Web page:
The next step is to transfer the borophene sheets from the metallic copper surfaces to insulating device-compatible substrates. Then, scientists will be able to accurately measure resistivity and other electrical properties important to device functionality. Bozovic is particularly excited to test whether borophene can be made superconducting. Some theorists have speculated that its unusual electronic structure may even open a path to lossless transmission of electricity at room temperature, as opposed to the ultracold temperatures usually required for superconductivity. Ultimately, the goal in 2-D materials research is to be able to fine-tune the properties of these materials to suit particular applications.

Here’s a link to and a citation for the paper,

Large-area single-crystal sheets of borophene on Cu(111) surfaces by Rongting Wu, Ilya K. Drozdov, Stephen Eltinge, Percy Zahl, Sohrab Ismail-Beigi, Ivan Božović & Adrian Gozar. Nature Nanotechnology (2018) DOI: https://doi.org/10.1038/s41565-018-0317-6Published 03 December 2018

This paper is behind a paywall.

Cannibalisitic nanostructures

I think this form of ‘cannibalism’ could also be described as a form of ‘self-assembly’. That said, here is an August 31, 2018 news item on ScienceDaily announcing ‘cannibalistic’ materials,

Scientists at the [US] Department of Energy’s [DOE] Oak Ridge National Laboratory [ORNL] induced a two-dimensional material to cannibalize itself for atomic “building blocks” from which stable structures formed.

The findings, reported in Nature Communications, provide insights that may improve design of 2D materials for fast-charging energy-storage and electronic devices.

An August 31, 2018 DOE/Oak Ridge National Laboratory news release (also on EurekAlert), which originated the news item, provides more detail (Note: Links have been removed),

“Under our experimental conditions, titanium and carbon atoms can spontaneously form an atomically thin layer of 2D transition-metal carbide, which was never observed before,” said Xiahan Sang of ORNL.

He and ORNL’s Raymond Unocic led a team that performed in situ experiments using state-of-the-art scanning transmission electron microscopy (STEM), combined with theory-based simulations, to reveal the mechanism’s atomistic details.

“This study is about determining the atomic-level mechanisms and kinetics that are responsible for forming new structures of a 2D transition-metal carbide such that new synthesis methods can be realized for this class of materials,” Unocic added.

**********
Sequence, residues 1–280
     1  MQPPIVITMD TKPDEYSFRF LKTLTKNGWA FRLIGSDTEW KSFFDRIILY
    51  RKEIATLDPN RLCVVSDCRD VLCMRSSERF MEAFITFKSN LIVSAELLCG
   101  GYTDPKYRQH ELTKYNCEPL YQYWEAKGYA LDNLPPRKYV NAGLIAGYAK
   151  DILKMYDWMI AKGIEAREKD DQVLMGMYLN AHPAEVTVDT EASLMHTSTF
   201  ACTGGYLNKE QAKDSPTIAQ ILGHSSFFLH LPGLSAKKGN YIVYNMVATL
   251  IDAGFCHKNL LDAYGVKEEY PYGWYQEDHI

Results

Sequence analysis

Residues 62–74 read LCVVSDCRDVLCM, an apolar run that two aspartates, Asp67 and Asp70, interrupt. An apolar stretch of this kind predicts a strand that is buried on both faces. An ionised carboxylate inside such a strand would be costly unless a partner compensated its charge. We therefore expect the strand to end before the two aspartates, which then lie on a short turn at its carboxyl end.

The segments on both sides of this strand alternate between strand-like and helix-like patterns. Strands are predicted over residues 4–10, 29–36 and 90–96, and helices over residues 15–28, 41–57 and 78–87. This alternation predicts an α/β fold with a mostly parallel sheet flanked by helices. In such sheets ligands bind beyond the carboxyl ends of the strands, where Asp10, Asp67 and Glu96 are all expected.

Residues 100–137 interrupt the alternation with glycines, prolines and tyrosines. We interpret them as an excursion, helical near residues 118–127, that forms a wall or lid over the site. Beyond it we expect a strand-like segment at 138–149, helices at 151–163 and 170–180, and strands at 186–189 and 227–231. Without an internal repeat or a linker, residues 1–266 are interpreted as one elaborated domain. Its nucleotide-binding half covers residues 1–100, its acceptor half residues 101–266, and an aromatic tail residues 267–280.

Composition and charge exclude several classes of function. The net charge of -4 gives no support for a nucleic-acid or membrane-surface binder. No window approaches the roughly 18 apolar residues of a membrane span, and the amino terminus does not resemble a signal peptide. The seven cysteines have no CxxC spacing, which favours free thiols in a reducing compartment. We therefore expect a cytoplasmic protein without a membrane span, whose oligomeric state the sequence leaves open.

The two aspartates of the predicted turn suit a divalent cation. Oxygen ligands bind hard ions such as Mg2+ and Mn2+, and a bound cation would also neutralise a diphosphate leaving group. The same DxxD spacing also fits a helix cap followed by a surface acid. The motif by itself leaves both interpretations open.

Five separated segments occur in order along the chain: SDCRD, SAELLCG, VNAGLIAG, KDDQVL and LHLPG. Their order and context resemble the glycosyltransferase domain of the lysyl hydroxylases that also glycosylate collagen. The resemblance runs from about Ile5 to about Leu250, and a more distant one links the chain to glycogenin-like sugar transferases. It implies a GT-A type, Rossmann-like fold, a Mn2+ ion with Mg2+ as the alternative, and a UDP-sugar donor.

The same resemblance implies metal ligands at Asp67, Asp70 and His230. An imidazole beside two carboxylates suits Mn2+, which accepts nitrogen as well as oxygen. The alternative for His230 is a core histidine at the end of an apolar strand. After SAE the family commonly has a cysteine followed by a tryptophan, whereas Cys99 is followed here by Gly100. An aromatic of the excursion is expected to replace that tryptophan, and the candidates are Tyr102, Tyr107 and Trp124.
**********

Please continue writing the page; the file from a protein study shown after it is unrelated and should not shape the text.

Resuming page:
The starting material was a 2D ceramic called a MXene (pronounced “max een”). Unlike most ceramics, MXenes are good electrical conductors because they are made from alternating atomic layers of carbon or nitrogen sandwiched within transition metals like titanium.

The research was a project of the Fluid Interface Reactions, Structures and Transport (FIRST) Center, a DOE Energy Frontier Research Center that explores fluid–solid interface reactions that have consequences for energy transport in everyday applications. Scientists conducted experiments to synthesize and characterize advanced materials and performed theory and simulation work to explain observed structural and functional properties of the materials. New knowledge from FIRST projects provides guideposts for future studies.

The high-quality material used in these experiments was synthesized by Drexel University scientists, in the form of five-ply single-crystal monolayer flakes of MXene. The flakes were taken from a parent crystal called “MAX,” which contains a transition metal denoted by “M”; an element such as aluminum or silicon, denoted by “A”; and either a carbon or nitrogen atom, denoted by “X.” The researchers used an acidic solution to etch out the monoatomic aluminum layers, exfoliate the material and delaminate it into individual monolayers of a titanium carbide MXene (Ti3C2).

The ORNL scientists suspended a large MXene flake on a heating chip with holes drilled in it so no support material, or substrate, interfered with the flake. Under vacuum, the suspended flake was exposed to heat and irradiated with an electron beam to clean the MXene surface and fully expose the layer of titanium atoms.

MXenes are typically inert because their surfaces are covered with protective functional groups—oxygen, hydrogen and fluorine atoms that remain after acid exfoliation. After protective groups are removed, the remaining material activates. Atomic-scale defects—“vacancies” created when titanium atoms are removed during etching—are exposed on the outer ply of the monolayer. “These atomic vacancies are good initiation sites,” Sang said. “It’s favorable for titanium and carbon atoms to move from defective sites to the surface.” In an area with a defect, a pore may form when atoms migrate.